Three years have elapsed since the same authors’ landmark Remaking
Relapse Prevention: A Sourcebook critiqued and built upon this most fundamental,
yet under-researched element of treatment. Their newest volume (and sadly,
Dr. Hudson’s final book) will serve as a blueprint for understanding
sexual abusers for many years to come. In Remaking Relapse Prevention,
Ward and Hudson propose a self-regulation model that “can provide
a more comprehensive understanding of the factors associated with relapse
and consequently help clinicians to tailor treatment to individual offenders” (p.99).
This model describes the interaction of sexual abusers’ goals and
self-regulation styles and illustrates characteristics of those who do
and don’t wish to re-offend.
This new volume extends their model outward to develop both explanations
of, and responses to, sexual abuse. It will resonate with many and challenge
most of its readers by proposing fundamental changes in how we view offenders
and their treatment. Dr.'s Ward and Brown (p. 345) sum up the underlying
“How can an approach dedicated to preventing something harmful
occurring recruit individuals in the task of changing their lives? … Focusing
on criminogenic needs is arguably not helpful to clinicians (and offenders)
because it tells them only what to eliminate or modify. Negative goals
are extremely difficult to achieve as they do not specify what is sought,
but merely what is absent… For example, a treatment goal that
focuses on the acquisition of relationship skills is more useful than
simply aims to reduce intimacy deficits.”
They respond by highlighting recent understandings of sexual abuse
such as evolutionary aspects of rape and the public health perspective
preventing sexual abuse. Further, the authors place relapse prevention
in the context of a “good lives” model of offender rehabilitation.
This model stresses giving “offenders the necessary capabilities
to secure important personal and social goods in acceptable ways rather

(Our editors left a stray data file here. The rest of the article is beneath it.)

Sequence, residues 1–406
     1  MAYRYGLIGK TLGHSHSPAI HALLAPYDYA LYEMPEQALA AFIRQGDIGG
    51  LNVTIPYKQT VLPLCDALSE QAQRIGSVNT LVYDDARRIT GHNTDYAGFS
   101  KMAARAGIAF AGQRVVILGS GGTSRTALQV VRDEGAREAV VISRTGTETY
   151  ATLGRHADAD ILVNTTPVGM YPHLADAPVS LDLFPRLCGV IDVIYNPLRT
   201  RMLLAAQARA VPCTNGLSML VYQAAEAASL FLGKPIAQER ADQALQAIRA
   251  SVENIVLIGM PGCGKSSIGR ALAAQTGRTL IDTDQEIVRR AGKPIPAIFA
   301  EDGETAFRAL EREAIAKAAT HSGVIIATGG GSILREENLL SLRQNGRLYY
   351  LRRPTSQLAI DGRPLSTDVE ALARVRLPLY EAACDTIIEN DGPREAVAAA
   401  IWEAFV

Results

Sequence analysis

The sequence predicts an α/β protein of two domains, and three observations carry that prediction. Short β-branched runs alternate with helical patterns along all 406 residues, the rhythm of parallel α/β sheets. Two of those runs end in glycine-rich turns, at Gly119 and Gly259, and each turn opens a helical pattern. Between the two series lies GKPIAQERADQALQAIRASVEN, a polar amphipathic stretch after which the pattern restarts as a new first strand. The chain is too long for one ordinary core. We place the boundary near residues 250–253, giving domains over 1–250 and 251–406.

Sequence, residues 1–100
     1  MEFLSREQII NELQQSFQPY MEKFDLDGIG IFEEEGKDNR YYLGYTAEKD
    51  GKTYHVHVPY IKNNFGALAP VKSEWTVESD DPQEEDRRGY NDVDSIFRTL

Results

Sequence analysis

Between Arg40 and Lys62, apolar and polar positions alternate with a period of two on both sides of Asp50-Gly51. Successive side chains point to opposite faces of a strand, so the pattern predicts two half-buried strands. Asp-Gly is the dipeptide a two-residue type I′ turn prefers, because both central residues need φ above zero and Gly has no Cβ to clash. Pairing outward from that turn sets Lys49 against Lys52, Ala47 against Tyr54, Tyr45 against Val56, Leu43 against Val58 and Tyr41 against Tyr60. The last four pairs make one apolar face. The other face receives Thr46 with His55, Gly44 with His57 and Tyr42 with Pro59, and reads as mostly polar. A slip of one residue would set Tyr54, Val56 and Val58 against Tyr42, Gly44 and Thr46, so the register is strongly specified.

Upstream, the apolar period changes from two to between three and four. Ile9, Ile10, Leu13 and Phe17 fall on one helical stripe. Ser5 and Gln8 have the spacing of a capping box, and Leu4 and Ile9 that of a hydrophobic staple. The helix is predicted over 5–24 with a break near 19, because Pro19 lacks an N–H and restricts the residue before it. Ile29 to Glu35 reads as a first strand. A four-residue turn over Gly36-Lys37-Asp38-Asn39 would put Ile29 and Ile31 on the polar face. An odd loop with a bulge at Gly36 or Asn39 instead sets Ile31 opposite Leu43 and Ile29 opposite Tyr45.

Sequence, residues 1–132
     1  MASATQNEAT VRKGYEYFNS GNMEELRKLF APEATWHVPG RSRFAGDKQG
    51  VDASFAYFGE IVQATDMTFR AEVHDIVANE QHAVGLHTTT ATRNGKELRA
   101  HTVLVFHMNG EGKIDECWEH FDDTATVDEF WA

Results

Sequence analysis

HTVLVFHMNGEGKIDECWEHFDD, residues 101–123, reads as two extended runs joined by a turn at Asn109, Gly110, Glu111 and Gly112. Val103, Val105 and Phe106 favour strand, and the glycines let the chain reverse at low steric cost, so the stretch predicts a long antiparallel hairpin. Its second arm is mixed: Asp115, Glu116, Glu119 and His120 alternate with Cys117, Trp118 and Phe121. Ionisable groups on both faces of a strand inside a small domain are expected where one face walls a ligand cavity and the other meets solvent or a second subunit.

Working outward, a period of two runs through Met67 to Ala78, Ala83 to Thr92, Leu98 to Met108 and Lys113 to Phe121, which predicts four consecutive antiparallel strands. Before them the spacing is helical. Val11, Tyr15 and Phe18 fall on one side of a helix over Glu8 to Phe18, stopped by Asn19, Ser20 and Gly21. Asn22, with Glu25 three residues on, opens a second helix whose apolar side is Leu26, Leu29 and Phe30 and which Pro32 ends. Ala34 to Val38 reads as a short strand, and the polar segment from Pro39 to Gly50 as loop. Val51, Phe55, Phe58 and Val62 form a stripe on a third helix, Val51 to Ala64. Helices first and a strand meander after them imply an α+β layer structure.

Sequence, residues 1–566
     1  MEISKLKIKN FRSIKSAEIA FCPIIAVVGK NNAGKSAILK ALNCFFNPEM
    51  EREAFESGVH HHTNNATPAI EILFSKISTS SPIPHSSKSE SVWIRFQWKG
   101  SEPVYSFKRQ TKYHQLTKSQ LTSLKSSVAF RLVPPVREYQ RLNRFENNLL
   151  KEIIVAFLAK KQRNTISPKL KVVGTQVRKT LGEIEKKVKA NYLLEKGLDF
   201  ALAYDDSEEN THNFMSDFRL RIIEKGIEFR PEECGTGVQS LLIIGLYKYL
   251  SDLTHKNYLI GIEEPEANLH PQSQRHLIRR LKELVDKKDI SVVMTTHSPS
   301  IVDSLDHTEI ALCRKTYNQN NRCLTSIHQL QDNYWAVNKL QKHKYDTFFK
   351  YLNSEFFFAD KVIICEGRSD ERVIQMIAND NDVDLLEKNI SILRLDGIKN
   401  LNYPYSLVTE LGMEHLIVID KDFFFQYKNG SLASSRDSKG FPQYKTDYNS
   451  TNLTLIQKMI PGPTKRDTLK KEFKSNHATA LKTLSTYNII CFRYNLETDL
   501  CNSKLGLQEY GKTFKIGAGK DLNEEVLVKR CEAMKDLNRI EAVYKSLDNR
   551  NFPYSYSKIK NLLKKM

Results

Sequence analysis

than simply the reduction and management of risk” (p. 23). In their
view, “risk factors are simply obstacles to the achievement of
human goods and point to the need for individuals to possess the internal
and external conditions necessary to live more fulfilling lives” (p.24).
Beyond simply advocating a shift in perspective, the authors present
numerous applied aspects of their model. These include a method for
training community corrections officers using combined education around
sequence, motivational interviewing techniques, and understanding offender
personalities through dramatic personae developed by John Bergman.
A discussion on how individual case formulation can augment treatment
is also provided. Devon Polascheck contributes a thoughtful chapter
Classification of Sex Offenders”. Developmental antecedents as
well as Ward and Hudson’s models of pathways to both offense and
re-offense are discussed in useful detail. Richard Laws contributes a
chapter on “behavioral economic approaches” to assessment
and treatment. He also delivers a harsh critique of the current state
Ward, Laws, and Hudson make bold assertions challenging our preconceptions
of assessment and treatment. However, taking a page from their own
model, they develop these in a framework of promising approaches for
assessment and treatment outcome, giving practitioners new ideas rather
than simply providing what Dr. Laws refers to as “a list of Thou-Shalt-Nots”.
Although many readers will wish for more explicit applications to special
populations (females, developmentally delayed offenders, those in denial),
this book will inform the work of virtually all ATSA members. While
the authors have focused an ongoing critical eye to our work, this
volume will challenge many of us to turn the same focus towards ourselves.